The subjects of biogeography, ecology and biodiversity are now of truly global importance. Recognizing this increased significance, the scope of the Journal of Biogeography and its sister publications, Global Ecology and Biogeography and Diversity and Distributions, continue to be developed under the guidance of Dr Robert Whittaker and Dr David Richardson respectively, acting as a team with Professor Philip Stott, the Editor of Journal of Biogeography. All three journals have wide coverage–from 'enhanced global warming' to the distribution of gadoid fishes, from invertebrate diversity in tropical rain forests to individualist species responses–so that all the key biogeographical and ecological questions of the day may be addressed. Topics include 'what is naturalness?', debates on both philosophy and methods, the implications of ecosystem fragmentation, the impact of human-induced changes, as well as the ecological and economic significance of biodiversity. All systematic groups are also embraced, from theory to practice, from plants to animals. Journal of Biogeography is essential reading for all environmentalists, biogeographers, ecologists, biologists, botanists and zoologists. JSTOR provides a digital archive of the print version of Journal of Biogeography. The electronic version of Journal of Biogeography is available at http://www.interscience.wiley.com. Authorized users may be able to access the full text articles at this site.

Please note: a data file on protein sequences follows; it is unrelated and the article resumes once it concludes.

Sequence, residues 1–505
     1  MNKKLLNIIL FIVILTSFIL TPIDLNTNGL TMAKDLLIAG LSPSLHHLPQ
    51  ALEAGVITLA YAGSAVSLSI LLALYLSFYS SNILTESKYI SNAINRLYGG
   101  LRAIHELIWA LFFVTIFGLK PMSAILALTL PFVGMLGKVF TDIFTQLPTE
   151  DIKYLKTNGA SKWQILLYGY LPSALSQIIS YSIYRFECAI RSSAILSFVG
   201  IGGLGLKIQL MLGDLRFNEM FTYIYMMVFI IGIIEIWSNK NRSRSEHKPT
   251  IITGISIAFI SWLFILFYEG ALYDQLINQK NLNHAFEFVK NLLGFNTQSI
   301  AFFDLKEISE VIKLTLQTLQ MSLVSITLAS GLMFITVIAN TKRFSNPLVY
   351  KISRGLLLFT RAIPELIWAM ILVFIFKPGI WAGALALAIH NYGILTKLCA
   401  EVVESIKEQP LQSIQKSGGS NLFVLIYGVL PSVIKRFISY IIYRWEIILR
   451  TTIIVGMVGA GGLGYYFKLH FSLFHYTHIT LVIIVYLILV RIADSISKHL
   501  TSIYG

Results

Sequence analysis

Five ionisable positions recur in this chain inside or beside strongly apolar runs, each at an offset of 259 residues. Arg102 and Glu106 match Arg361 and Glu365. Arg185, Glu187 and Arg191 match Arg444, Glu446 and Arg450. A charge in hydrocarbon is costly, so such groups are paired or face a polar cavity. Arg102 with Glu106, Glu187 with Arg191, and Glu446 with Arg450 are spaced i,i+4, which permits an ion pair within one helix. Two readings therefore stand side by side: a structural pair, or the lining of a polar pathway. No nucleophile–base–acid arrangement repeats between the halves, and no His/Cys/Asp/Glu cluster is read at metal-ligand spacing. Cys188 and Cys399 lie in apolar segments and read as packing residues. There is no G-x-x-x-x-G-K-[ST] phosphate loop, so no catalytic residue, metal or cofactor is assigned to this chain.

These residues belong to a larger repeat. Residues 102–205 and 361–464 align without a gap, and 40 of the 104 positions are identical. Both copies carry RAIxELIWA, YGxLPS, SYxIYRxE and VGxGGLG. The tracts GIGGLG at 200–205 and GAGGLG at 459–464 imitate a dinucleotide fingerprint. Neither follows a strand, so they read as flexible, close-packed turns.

Reviewed Work: The Biogeography of the British Isles: An Introduction. by P. Vincent
Review by: Michael Tooley
Journal of Biogeography
Vol. 18, No. 3 (May, 1991), pp. 357-358 (2 pages)
Published By: Wiley